'Very worried': Youth unemployment cause for concern in China

"My major in university is in environmental design, but with the rise of AI, I don't have much hope in the design industry," said an 18-year-old.

Published: 15th August 2023 04:10 PM  |   Last Updated: 15th August 2023 04:10 PM   |  A+A-


For representational purposes


BEIJING: China's government will no longer release youth unemployment statistics, it said Tuesday, but the mood among young people online and on the streets of Beijing left no doubt the situation was dire.

Recently, the figure has hit a record every month, with 21.3 percent of young people jobless in June.

The July data was expected Tuesday but the National Bureau of Statistics (NBS) said it would no longer release age group-specific unemployment numbers, citing the need to "further improve and optimise labour force survey statistics".

"Translation: Let me find a new statistical method to lower the unemployment rate," wrote one sceptical user on the social media platform Weibo.

"In reality, I don't dare to imagine (what) the unemployment rate must be. (The NBS) can't even make it up," read another comment.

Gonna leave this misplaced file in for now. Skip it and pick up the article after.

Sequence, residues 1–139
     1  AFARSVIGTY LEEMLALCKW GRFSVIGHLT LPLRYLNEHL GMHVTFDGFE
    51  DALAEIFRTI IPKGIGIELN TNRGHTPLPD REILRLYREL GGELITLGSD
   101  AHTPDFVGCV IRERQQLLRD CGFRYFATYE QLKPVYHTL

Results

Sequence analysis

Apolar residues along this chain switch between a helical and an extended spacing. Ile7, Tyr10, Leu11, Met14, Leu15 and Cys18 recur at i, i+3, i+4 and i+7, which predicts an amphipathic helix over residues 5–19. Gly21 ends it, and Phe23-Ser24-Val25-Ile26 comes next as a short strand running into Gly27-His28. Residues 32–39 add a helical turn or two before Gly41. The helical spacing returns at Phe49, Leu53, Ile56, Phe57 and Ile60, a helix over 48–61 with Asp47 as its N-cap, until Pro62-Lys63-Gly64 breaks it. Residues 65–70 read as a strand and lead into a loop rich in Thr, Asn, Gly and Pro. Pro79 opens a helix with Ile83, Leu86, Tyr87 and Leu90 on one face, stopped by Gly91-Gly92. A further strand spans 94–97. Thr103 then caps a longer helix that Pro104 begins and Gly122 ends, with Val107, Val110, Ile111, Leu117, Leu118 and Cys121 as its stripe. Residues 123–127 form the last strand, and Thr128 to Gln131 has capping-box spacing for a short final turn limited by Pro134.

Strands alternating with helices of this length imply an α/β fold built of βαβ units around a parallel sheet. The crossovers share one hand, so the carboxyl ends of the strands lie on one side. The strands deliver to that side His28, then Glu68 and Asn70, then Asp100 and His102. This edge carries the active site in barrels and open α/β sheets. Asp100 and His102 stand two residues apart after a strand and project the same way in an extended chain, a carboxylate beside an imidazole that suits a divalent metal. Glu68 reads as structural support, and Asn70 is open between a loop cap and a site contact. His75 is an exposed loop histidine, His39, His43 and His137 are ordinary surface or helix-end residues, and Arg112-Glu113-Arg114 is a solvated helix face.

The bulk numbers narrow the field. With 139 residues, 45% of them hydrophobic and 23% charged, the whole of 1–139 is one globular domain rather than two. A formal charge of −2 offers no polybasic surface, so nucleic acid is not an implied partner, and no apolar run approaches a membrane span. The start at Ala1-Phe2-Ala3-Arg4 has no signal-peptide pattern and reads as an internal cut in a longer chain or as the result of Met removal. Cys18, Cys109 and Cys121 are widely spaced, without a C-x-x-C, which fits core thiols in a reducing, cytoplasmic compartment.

"I don't release (the figures) = no unemployment," wrote one user tagged in the southwestern city of Chongqing.

A hashtag relating to the announcement of the suspension had 190 million views on Weibo on Tuesday afternoon.

On the streets of the capital on Tuesday, college student Li Nuojun told AFP she thought her job prospects were bleak.

"My major in university is in environmental design, but with the rise of AI, I don't have much hope in the design industry," said the 18-year-old.

All her friends were expecting to be unemployed after graduating, she said, though they still had some years of study left.

"I'm very worried," she said. "When thinking about finding a job, I become very anxious, I just don't want to think about it for now."

"Young people do face greater pressure in finding a job, like my cousin and his classmates, they prefer to continue their studies after college," said 35-year-old Guo, an IT worker.

"They are preparing for postgraduate exams, and a lot of them will take civil service exams."

Even for those with jobs, the economic outlook is hostile.

A 29-year-old woman who gave her name as Xue said she had friends who were struggling to change jobs at the moment.

"Some of them kept sending resumes for a month and have had several interviews chances, but the results are not so good," she said.

"The salary they could offer is average and there will be a lot of overtime work. The job market is always a rat race."

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